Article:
North Carolina editorial roundup

The Associated Press

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Recent editorials from North Carolina newspapers:

March 1

Winston-Salem Journal on redistricting:

Two long days of heated testimony before a three-judge Superior Court panel in Raleigh recently highlight more dramatically North Carolina's need for a nonpartisan, independent commission for redrawing legislative and congressional districts every 10 years.

Democratic voters and civil-rights and election-advocacy groups have sued over maps drawn by the 2011 General Assembly. They say that Republican legislators unconstitutionally gerrymandered districts to diminish black-voter influence and drastically reduce Democratic success.

The redistricting process is a travesty. For more than a century, the Democratic Party maintained a tighter grip on state politics than it deserved simply by gerrymandering legislative and congressional districts. When Republicans won big in 2010, they, understandably, repaid the favor. But those harmed most are North Carolinians. We are, once again, stuck with a one-party, non-competitive political system that does not reflect the political and philosophical profile of North Carolina voters. In short, it is a system designed not to represent North Carolinians but to preserve one party's control.

North Carolina needs a non-partisan, independent redistricting commission charged with strict guidelines for drawing districts that reflect communities of interest and assuring equal voting rights. The commission should be denied any information on the partisan voting trends in any precinct and the home addresses of all incumbents.

Such a commission would give the voters the competitive districts they deserve, districts that would be reflective of our communities, not of partisan interests.



March 5

The Daily Reflector, of Greenville on payday lending legislation:

Many North Carolina families are struggling to stay afloat following the economic recession, trying to make ends meet amid high unemployment, falling wages and shrinking savings. Some have compiled a mountain of debt in that period, using personal loans and credit cards to pay for necessities — a risky strategy but one of the few available when desperation required it.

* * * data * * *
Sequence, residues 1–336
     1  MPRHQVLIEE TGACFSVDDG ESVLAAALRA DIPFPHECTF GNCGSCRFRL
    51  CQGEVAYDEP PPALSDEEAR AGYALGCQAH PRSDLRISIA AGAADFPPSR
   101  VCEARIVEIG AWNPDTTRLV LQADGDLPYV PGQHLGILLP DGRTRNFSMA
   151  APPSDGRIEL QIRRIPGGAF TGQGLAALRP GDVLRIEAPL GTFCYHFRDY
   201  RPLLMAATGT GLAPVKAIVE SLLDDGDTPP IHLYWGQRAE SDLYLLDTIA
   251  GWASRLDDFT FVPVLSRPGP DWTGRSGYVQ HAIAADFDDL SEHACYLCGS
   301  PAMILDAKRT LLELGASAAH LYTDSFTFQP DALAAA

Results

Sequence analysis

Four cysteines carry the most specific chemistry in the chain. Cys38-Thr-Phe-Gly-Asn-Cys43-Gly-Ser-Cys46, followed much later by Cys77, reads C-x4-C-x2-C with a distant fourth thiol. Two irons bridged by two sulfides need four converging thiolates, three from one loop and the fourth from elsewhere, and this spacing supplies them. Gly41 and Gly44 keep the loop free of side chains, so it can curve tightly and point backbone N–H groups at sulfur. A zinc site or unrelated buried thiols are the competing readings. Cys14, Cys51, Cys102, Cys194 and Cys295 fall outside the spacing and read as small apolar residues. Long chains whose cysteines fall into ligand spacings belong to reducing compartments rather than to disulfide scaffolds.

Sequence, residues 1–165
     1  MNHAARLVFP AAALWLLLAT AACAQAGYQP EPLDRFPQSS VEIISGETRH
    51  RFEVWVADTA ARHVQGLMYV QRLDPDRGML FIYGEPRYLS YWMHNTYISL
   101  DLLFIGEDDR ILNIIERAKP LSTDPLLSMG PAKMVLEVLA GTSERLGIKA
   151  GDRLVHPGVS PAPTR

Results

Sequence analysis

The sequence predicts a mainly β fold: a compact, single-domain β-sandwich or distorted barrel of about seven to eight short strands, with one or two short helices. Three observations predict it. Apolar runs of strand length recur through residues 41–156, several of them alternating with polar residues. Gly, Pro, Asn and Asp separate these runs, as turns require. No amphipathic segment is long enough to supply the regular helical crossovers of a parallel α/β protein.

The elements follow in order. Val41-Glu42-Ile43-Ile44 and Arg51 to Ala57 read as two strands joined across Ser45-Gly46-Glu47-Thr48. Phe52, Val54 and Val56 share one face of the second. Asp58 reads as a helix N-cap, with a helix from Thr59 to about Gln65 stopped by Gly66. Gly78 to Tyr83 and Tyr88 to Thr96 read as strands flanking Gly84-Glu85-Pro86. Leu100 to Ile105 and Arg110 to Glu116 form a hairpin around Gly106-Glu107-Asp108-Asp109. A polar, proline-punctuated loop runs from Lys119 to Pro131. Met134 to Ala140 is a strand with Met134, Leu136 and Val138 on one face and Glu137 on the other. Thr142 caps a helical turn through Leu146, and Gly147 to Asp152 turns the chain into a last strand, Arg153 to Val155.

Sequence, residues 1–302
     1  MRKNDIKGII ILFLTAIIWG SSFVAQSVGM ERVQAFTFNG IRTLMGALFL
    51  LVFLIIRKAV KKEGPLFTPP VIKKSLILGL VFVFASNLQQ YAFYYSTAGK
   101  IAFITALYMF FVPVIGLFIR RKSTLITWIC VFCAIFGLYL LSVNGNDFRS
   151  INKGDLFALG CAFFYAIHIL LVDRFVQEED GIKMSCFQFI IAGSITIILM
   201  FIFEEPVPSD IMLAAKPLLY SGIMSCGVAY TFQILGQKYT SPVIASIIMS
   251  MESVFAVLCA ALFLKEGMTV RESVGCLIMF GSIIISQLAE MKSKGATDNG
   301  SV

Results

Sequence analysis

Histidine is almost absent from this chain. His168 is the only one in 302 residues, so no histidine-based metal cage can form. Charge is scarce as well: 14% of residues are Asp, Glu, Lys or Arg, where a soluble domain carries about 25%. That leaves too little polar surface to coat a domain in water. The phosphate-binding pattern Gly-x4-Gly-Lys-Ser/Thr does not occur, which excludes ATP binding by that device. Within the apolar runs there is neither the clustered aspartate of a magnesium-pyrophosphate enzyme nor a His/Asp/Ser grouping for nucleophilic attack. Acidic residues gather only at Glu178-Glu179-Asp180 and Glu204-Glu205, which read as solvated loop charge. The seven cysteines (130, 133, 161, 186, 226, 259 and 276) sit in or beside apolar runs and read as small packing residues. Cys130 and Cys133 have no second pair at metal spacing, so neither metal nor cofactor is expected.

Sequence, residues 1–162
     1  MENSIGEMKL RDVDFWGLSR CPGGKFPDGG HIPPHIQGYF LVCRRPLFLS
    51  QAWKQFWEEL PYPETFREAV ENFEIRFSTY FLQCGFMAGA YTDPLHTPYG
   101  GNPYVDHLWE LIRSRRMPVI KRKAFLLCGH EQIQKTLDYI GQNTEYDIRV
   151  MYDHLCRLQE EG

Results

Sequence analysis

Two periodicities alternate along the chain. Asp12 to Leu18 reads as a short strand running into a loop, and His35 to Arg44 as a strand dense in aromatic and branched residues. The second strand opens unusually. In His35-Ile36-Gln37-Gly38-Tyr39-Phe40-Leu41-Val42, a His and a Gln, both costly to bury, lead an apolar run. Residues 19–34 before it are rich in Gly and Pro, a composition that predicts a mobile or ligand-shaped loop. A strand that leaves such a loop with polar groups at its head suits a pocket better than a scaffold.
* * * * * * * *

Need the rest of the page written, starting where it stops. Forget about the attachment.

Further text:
It would therefore be a tremendous risk for the General Assembly to allow payday lenders to again operate in the state, which legislation now under consideration would do. Credit Gov. Pat McCrory for signaling his reservations about those operations and calling on lawmakers to carefully consider the possible effects of letting those predators loose on the people once again.

In 2001, North Carolina made history as the first state to outlaw payday lending, the short-term, high-interest loans often used by customers to pay bills in between paychecks. Lenders had operated under close scrutiny for four years prior to the prohibition, which followed a damning report by the North Carolina banking commissioner that showed the cycle of debt that is often created by the loans.

That study showed that one in seven borrowers turned to the short-term funding at least 19 times a year, racking up high interest and fees as a result. For many, one loan turns into another, leaving those in need of cash facing massive bills — and enriching the lenders, which contend that the high price is justified by the risk of offering unsecured loans.

Under legislation pending in Raleigh, payday lenders would again be authorized to operate, but could only make loans up to $500 and charge an interest rate of 15 percent. The industry has hired a number of high-profile lobbyists to advance their interests, and the bill has powerful sponsors, including Republican Sen. Tom Apodaca and Democratic Sen. Clark Jenkins, who formerly represented Pitt County.

However, those standing against payday lending are equally impressive, including Attorney General Roy Cooper and, recently, McCrory. The state's chief executive said that as he wants to see government operate without accruing debt, so too should individuals be protected from schemes that would compromise their financial footing.

These may be difficult times for thousands of North Carolina families, but lawmakers know where this path leads. The governor is correct in his reservations and should continue to advocate against a restoration of this predatory and financial ruinous practice.



March 3

News & Observer of Raleigh on tanning salon legislation:

On this side, the American Sunbathing Association, representing among others, tanning salons. With representation from their scientific adviser, the association was fighting a proposal in the North Carolina General Assembly to prohibit those under 18 from going to tanning salons. The fight was in part over the fact that the bill was seen as picking on small businesses.

And on this side, the American Cancer Society. A little organization you may have heard of, featuring family doctors, dermatologists and oncologists. The society was all in favor of the ban, which is why The News & Observer reported recently it was moving right along toward the law books.

Used in moderation (there are in fact skin conditions that benefits from sun rays or facsimiles thereof) tanning beds might be OK, but too many people develop almost an obsession with having deep tans. But the risk of skin cancer from UV rays is well-documented, and to the degree the state can protect younger people from developing this bad habit, it should.

For its part, the science adviser for the ASA did acknowledge to lawmakers that he is neither a doctor, nor a scientist.


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